Bowel cancer: Dr Philippa Kaye lists the symptoms
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The consumption of almonds, specifically, has been proven to break down into butyrate, a type of beneficial short-chain fatty acid. Professor of dietetics, Kevin Whelan said: “The gut microbiota impacts human health through the production of short-chain fatty acids, such as butyrate. These molecules act as a fuel source for cells in the colon; they regulate absorption of other nutrients in the gut, and they help balance the immune system.”
Other research demonstrates butyrate has a potential protective effect against colon cancer.
Colon cancer, more commonly referred to as bowel cancer, is – in part – attributed to diet.
“A large body of evidence suggests a diet high in red and processed meat can increase your risk of developing bowel cancer,” the NHS confirms.
“For this reason, the Department of Health and Social Care recommends that people who eat more than 90g (cooked weight) a day of red and processed meat should cut down to 70g a day.”
- Deli meats such as salami
- Canned meat such as corned beef
- Sliced luncheon meats, including those made from chicken and turkey.
A high-fibre diet, on the other hand, could reduce bowel cancer risk, the NHS states.
Government guidelines say our dietary fibre intake should increase to 30g a day.
A handful of almonds (30g), for example, contains 3.8g of fibre, the NHS adds.
Dietitian Victoria Taylor at the British Heart Foundation said: “Nuts are a nutrient-rich food providing us with fibre, protein, vitamins, minerals and other micronutrients.”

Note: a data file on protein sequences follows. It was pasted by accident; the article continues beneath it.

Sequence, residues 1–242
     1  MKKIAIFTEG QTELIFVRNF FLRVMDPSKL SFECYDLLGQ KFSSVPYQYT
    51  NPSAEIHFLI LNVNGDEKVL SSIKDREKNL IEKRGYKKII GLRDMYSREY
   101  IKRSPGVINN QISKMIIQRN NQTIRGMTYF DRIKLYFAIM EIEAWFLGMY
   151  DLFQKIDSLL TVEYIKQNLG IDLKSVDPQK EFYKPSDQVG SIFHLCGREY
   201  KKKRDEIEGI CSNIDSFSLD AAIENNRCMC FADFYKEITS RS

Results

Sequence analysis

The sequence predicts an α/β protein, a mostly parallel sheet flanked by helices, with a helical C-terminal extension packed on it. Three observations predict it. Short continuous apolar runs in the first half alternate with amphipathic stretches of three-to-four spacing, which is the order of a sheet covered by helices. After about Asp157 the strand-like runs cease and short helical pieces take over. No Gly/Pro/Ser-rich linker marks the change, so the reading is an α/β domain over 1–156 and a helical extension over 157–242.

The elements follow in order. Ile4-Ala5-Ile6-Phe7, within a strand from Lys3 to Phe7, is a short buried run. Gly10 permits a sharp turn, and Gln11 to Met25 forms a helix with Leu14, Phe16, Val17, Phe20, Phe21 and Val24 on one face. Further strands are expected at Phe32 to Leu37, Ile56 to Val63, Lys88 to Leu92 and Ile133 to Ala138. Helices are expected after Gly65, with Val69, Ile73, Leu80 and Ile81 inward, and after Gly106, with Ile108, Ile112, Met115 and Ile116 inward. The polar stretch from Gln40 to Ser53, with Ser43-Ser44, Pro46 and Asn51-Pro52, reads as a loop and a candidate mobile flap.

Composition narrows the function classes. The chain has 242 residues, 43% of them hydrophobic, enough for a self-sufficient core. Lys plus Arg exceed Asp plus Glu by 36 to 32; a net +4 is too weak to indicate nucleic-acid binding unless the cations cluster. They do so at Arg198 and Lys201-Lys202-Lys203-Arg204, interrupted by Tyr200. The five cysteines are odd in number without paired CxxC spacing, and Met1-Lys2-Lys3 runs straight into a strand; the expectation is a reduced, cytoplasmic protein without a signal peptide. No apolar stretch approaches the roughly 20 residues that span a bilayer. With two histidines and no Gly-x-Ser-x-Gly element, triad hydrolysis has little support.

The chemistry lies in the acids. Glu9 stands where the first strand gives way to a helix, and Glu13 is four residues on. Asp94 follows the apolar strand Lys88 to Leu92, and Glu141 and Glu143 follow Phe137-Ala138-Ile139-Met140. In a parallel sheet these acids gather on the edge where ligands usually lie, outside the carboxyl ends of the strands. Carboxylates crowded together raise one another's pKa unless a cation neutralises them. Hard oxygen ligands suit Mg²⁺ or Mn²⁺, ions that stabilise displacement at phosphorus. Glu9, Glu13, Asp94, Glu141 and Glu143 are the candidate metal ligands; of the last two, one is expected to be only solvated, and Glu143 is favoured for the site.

There are other factors that influence whether a person is more or less likely to develop bowel cancer.
Take, for example, everyday habits, such as smoking, which increases a person’s risk of cancer developing.
Drinking alcohol has also been associated with an increased risk of bowel cancer.
Being overweight is linked to the potentially deadly condition, in addition to a sedentary lifestyle.
“People who are physically inactive have a higher risk of developing bowel cancer,” the NHS emphasises.
While these factors can be controlled, there are other risk factors that can not.
Suffering from digestive conditions, such as Crohn’s disease or ulcerative colitis, puts you at higher risk of developing bowel cancer.
“Bowel cancer is more common in people who’ve had extensive Crohn’s disease or ulcerative colitis for more than 10 years,” the NHS elaborates.
“If you have one of these conditions, you’ll usually have regular check-ups to look for signs of bowel cancer.”
Check-ups will involve a colonoscopy to examine the inside of the bowel.
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